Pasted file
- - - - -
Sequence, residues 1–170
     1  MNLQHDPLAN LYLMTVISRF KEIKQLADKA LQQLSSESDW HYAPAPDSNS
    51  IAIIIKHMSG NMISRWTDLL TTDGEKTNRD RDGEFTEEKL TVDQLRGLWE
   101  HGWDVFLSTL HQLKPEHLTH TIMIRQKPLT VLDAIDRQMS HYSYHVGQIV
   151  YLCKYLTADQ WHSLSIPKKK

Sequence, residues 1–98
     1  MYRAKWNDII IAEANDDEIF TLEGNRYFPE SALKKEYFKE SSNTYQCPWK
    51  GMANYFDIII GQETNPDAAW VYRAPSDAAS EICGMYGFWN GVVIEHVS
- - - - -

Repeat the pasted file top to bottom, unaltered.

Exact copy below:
Sequence, residues 1–170
     1  MNLQHDPLAN LYLMTVISRF KEIKQLADKA LQQLSSESDW HYAPAPDSNS
    51  IAIIIKHMSG NMISRWTDLL TTDGEKTNRD RDGEFTEEKL TVDQLRGLWE
   101  HGWDVFLSTL HQLKPEHLTH TIMIRQKPLT VLDAIDRQMS HYSYHVGQIV
   151  YLCKYLTADQ WHSLSIPKKK

Sequence, residues 1–98
     1  MYRAKWNDII IAEANDDEIF TLEGNRYFPE SALKKEYFKE SSNTYQCPWK
    51  GMANYFDIII GQETNPDAAW VYRAPSDAAS EICGMYGFWN GVVIEHVS